“Well, that’s ok. I can teach numerals to you and you’ll be caught up in no time. Let’s see about social studies and language arts, next.” Ms. Reid leaned forward from her chair and reached into a deep filing drawer at the bottom of her desk. She was petite enough that when she did this, she disappeared completely behind her desk and gave the class ample opportunity to wad and hurl spitballs at will. The drawer made an ancient, resonating creak as she opened it and I tried not to peek at her secret files. “Q, R, S. S. There we go. Schultz!”
Even when Ms. Reid spoke quickly, her voice remained a mousy whisper, like she could fold up and fit into that creaky drawer and watch life happen between the cracks. She pulled my file out and set it on her desk, then moved her foot to the open drawer and gently kicked it shut. I giggled at this maneuver, which seemed so private and out of character for Ms. Reid. What was she like when we were all on the playground? I knew she had lunch with Mrs. Snogdgrass from next door, the two of them gabbing in teacher-code, bobbing their short, curly-haired heads up and down as they rallied and chewed their food. You could fit two of Ms. Reid inside Mrs. Snodgrass, I noticed, but Mrs. Snodgrass was much older so it didn’t seem fair to compare. Maybe they were best friends and felt hyper at lunchtime like Erin Bunday and me did, except they couldn’t run around with us because they had to wear slacks or synthetic nylons that shifted awkwardly beneath their skirts throughout the day.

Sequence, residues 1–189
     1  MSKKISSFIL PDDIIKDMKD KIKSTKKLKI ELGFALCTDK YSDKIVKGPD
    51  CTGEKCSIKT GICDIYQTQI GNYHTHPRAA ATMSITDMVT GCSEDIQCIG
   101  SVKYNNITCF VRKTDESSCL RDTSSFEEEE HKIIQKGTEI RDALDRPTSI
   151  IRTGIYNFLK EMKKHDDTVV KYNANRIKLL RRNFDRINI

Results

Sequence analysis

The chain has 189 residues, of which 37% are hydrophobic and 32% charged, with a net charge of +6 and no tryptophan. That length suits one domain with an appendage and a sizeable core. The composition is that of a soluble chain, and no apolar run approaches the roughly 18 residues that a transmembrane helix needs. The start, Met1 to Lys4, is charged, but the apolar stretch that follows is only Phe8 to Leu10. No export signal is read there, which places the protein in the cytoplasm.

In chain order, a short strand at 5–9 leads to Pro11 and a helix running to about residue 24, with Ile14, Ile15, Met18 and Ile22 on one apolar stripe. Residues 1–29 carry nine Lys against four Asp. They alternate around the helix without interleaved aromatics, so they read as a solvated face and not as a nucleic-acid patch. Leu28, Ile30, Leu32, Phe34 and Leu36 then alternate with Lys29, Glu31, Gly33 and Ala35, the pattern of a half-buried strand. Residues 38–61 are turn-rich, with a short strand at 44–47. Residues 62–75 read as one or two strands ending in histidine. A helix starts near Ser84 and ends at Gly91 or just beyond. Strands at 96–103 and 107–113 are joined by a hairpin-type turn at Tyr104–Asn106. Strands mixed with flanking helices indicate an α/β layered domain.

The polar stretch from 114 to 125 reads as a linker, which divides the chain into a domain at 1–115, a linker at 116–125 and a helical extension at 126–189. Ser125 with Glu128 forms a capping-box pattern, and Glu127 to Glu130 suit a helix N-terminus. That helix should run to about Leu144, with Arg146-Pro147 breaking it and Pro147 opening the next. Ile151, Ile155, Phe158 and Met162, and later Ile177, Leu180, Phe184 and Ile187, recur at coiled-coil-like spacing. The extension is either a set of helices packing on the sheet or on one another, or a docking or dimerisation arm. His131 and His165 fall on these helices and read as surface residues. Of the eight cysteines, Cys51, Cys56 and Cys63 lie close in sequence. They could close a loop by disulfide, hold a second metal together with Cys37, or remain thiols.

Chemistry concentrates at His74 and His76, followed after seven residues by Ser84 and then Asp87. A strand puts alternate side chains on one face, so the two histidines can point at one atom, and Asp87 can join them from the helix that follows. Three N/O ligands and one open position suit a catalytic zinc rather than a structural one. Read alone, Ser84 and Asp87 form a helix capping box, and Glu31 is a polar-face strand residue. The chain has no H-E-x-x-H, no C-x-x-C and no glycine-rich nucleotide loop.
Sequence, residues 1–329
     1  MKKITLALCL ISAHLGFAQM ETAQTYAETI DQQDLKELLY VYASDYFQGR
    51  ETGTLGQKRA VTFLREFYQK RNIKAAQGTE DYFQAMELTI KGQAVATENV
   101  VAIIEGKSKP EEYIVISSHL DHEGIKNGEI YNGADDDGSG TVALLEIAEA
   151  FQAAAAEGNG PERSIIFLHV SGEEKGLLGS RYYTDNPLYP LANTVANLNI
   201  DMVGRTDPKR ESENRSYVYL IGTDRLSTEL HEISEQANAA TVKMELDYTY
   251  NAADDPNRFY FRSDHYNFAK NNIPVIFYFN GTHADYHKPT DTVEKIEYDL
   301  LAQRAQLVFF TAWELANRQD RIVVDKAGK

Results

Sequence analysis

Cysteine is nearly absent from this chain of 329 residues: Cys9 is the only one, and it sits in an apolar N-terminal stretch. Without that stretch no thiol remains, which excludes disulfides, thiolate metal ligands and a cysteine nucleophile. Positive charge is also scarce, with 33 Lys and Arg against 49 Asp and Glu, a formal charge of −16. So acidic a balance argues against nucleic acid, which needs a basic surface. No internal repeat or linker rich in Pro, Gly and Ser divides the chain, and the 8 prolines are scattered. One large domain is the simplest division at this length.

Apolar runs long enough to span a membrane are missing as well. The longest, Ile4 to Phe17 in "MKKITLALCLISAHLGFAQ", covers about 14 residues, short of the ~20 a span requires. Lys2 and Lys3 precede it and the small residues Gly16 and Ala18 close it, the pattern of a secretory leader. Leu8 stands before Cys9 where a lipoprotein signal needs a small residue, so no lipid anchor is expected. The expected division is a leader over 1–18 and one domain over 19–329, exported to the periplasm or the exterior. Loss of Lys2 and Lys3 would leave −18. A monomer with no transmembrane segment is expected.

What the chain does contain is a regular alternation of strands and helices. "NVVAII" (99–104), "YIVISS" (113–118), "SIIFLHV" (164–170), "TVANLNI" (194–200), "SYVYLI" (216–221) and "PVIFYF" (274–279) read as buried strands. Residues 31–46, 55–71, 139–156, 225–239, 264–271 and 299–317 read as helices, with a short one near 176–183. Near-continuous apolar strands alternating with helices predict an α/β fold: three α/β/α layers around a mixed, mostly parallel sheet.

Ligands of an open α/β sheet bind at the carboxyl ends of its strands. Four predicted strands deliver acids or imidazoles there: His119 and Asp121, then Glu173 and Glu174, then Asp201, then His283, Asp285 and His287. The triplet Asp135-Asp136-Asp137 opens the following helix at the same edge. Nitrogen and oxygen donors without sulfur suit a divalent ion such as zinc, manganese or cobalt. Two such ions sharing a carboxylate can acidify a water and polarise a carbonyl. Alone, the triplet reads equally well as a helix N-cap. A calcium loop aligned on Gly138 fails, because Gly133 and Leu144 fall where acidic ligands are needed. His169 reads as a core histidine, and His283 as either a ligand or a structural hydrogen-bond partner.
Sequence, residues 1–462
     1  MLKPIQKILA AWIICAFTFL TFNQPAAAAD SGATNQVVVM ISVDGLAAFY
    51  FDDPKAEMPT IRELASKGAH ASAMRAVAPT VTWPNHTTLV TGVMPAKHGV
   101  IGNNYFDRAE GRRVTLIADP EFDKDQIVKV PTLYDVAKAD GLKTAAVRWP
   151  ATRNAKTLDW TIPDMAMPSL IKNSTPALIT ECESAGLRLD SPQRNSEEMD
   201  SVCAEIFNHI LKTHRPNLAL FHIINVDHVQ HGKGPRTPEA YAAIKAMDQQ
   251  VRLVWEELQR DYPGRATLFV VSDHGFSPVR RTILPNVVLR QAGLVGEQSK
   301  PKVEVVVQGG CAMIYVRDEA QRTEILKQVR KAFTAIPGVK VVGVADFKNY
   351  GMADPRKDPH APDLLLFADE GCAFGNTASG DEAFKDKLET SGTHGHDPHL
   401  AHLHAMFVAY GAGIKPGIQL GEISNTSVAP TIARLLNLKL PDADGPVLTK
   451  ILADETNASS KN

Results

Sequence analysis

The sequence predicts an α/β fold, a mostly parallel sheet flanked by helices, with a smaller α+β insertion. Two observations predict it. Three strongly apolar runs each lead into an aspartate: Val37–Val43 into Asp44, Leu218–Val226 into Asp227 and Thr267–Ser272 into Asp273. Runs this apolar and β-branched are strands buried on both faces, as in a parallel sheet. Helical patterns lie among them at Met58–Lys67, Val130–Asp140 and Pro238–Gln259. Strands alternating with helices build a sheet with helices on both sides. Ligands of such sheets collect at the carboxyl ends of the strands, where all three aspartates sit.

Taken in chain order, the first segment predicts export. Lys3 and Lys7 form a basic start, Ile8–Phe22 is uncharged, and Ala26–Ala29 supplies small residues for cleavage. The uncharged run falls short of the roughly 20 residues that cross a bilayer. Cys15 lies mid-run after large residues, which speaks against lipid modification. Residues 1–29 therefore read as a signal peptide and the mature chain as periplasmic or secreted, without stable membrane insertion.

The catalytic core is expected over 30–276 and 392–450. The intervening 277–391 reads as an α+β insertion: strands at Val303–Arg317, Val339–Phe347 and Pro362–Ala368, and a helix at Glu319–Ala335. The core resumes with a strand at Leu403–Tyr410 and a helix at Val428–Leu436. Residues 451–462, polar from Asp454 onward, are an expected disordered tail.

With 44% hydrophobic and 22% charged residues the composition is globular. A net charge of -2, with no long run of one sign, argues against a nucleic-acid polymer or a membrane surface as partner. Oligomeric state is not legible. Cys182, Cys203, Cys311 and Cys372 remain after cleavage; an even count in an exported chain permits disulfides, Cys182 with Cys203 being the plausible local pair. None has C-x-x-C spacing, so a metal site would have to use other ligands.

I never could have guessed Ms. Reid was engaged-to-be-married to a handsome commercial diver, but it was true. Erin’s mom had come home from a PTA meeting one night when I was staying over and let it slip. Our teacher? Engaged-to-be-married? I tried to imagine Ms. Reid talking to a man, let alone a handsome one. Did she look him in the eyes? Did they actually, kiss? Like, a lot? I bet they did, but try as I might, I couldn’t make the scene come to life in my mind’s eye. And still, I convinced myself that Ms. Reid was my truth-keeper; that whatever opinion she held of me must be the way things really were. My sense of self was tied to her opinion of me as tightly as a diver to a hookah rig. To me, her message was a definitive promise: Just as soon as I learned those Roman numerals, she kept saying, my transition from Montessori school would be seamless.
I preferred walking the mile from my house to Stephenson Elementary, but if the rain was bad enough or my pack heavy enough, my 4th grade neighbor Amy and I waited for the bus near the edge of her front yard beneath a cedar tree. Between my rain coat and the cedar tree, I felt protected enough from a downpour, the sweet smell of damp cedar and manicured bark chips wafting around us. Whenever the wind blew, Amy and I shrieked and huddled around the trunk of the tree, hands tugging at the dry bark to pull our bodies inward, away from the raindrops falling beneath shaken branches. Even then I could hardly get enough of the Oregon rains. It was easy to feel alive when everything around you was soaked in perpetual mist, growing green and deeper into the seasons, forests and yards personified by their visible growth, the thought of losing leaves never more than a rumor that blew away to other places that didn’t matter to me and Amy, arms around the cedar trunk, waiting for the bus to come…